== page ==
Schools across the nation are tightening their school budgets, making them cut certain programs. However, when these budget cuts come along, one of the first things that is cut is the music program to enable the school district to make room for "necessary" classes. But why cut the music program when it has been shown that music helps develop better social skills, leadership qualities, and improve academics? All over the country, school districts are facing tight budgets that are causing the districts to cut non-academic programs. These non-academic programs that are being cut are mainly the music programs in public schools across the nation. According to studies by the Gallup industry, "Budget cuts and shifting priorities have placed the music programs in more danger than ever. Already, up to 28 million American students do not receive an adequate music education, and cuts in education funding are either pending or have been enacted in more than half the states nationwide" (Salvestrini). School districts are looking at what subjects they consider to be "core subjects," and in most school districts the music program is not fitting their definition, which is why the music program is one of the first subjects to be cut. The school districts are looking to build more classrooms for science and math courses, as well as decrease class sizes. In order to do this without having to add on to the school building, the school districts look for what they find to be a beneficial class. Therefore, the music education program is an area where the school district can achieve their goals by cutting that program out. Studies have shown that the music education program is very beneficial to students. This is why schools across the nation should save the music, so the future students have the opportunity to be involved, improvement in the students' academics, students having more self-discipline, and the development of the students' social skills. Because of these benefits, organizations outside of the school are trying to save the music, such as, VH1 and supportmusic.com. These budget cuts are not only affecting the students of today, but they also have a huge effect on the future students who may not even have the option of participating in a music program. In one of the recent National Assessment of Educational Progress (NAEP) reports, "only 25 percent of eighth graders nationwide had the opportunity to take a music class" (Music). Now these budget cuts are not allowing the school district to decide, but the voters have the say in what goes on in the school district by way of their tax money. Elizabeth Nesoff, an author for the Christian Science Monitor, wrote an article about the budget falling in the August 2003 edition. She goes into greater depth, than the article about music education by implying that, "A lack of cohesive community concern for education and a greater focus on individual interests as part of the problem, namely that people without children are not always interested in funding school programs. It's getting much more difficult to convince people that music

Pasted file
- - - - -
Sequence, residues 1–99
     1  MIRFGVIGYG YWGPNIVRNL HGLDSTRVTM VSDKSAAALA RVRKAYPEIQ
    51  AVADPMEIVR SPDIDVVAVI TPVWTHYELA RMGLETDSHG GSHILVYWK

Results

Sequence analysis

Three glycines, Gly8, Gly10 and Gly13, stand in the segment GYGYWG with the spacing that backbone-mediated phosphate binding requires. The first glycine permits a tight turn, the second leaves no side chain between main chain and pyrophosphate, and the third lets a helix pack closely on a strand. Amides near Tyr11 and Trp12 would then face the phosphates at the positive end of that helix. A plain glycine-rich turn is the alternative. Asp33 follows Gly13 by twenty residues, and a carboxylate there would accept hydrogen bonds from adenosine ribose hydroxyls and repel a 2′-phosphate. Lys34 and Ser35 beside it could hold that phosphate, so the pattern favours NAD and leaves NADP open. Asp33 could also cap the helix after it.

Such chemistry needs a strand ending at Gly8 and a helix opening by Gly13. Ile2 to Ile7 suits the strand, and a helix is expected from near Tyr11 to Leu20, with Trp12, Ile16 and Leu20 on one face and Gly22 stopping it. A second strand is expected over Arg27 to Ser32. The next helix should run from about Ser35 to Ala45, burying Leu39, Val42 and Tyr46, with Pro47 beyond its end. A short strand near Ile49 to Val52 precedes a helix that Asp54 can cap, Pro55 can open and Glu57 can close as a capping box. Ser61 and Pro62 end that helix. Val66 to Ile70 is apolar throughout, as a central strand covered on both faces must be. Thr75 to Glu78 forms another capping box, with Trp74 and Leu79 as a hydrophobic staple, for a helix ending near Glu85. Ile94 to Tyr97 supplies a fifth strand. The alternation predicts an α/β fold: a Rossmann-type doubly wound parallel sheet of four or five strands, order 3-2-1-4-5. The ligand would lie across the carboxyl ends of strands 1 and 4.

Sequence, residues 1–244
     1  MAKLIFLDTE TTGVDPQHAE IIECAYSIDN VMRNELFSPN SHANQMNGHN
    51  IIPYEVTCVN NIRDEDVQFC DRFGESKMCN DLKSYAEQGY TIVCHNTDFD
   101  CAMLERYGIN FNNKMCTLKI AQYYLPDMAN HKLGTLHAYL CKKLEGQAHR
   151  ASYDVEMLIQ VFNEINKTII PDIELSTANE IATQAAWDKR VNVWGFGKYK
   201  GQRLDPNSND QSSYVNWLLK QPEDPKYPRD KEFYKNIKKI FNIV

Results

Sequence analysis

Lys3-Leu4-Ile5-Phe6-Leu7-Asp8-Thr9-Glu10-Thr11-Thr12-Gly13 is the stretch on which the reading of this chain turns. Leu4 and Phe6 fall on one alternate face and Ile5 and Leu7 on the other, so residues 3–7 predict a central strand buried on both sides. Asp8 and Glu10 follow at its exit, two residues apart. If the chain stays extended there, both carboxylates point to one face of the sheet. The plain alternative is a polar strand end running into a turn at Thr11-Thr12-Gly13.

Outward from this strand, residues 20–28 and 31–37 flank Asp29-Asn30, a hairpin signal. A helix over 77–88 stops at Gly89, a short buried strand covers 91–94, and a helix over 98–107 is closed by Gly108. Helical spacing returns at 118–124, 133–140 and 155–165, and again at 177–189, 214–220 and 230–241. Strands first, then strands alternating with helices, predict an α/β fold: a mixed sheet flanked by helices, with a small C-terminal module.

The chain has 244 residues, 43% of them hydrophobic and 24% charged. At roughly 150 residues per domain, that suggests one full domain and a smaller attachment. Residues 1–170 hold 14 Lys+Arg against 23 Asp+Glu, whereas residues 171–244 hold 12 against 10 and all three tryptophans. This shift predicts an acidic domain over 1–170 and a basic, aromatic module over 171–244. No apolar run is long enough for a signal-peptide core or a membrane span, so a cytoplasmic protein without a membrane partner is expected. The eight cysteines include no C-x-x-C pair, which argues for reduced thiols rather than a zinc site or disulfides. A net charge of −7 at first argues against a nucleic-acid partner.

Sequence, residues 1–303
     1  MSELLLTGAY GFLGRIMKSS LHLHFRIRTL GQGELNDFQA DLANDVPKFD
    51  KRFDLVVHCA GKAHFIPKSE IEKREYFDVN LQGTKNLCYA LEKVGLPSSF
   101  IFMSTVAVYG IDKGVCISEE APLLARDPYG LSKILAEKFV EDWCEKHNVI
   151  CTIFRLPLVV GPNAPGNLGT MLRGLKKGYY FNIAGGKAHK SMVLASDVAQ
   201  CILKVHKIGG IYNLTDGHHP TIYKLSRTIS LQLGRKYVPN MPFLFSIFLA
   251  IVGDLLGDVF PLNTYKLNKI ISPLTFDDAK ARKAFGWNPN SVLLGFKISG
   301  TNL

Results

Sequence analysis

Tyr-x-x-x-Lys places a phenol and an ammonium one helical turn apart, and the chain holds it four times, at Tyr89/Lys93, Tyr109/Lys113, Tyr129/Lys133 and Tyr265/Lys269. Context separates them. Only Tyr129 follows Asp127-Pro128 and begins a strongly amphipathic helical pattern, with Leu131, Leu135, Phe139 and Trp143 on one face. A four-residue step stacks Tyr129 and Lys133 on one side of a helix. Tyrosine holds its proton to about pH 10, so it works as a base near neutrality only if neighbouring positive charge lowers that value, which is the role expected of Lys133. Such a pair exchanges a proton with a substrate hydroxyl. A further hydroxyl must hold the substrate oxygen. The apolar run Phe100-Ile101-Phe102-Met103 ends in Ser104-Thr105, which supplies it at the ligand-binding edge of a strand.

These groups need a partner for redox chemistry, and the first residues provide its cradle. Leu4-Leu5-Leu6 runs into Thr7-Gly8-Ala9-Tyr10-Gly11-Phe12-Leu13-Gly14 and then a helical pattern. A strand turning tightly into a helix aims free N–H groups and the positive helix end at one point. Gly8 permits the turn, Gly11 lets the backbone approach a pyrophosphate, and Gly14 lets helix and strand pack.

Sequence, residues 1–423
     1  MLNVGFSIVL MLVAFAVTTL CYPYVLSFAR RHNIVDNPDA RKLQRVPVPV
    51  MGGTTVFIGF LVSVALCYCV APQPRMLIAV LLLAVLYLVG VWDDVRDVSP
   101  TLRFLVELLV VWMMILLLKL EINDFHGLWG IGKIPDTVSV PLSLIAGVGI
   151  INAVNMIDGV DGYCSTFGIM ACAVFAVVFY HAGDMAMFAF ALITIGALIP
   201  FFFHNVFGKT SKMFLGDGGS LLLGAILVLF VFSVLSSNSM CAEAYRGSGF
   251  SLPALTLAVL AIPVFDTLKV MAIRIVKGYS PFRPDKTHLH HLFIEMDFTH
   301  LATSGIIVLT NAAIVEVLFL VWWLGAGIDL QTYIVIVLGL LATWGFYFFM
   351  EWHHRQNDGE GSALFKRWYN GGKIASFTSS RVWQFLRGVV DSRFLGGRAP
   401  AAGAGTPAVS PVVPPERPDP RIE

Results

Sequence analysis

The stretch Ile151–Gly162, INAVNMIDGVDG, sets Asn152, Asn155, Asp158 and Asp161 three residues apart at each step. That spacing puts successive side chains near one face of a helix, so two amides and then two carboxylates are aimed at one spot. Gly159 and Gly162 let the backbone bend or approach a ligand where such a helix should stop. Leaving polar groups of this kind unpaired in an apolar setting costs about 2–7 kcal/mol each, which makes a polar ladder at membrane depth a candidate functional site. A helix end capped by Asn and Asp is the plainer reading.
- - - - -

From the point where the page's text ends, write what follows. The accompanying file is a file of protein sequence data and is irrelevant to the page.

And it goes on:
for some people is as important as tax relief for a lot of people"(Nesoff). Parents that have children in the music program should do what it takes to keep the program going, so that the future students can have the same opportunity. "Music education programs get cut because decent people are trying to make tough decisions in hard times. If people want ongoing music education in school, they have to let the policymakers know how much music education programs contribute to their kids every day of the school year" (Nesoff). These budget cuts have a big impact on the educational opportunities of the children of today and the children of tomorrow. "You can't cut music without cutting something important out of our kids' lives. It doesn't take a brain surgeon to see that where there's no quality of education, there's probably not a music program"...
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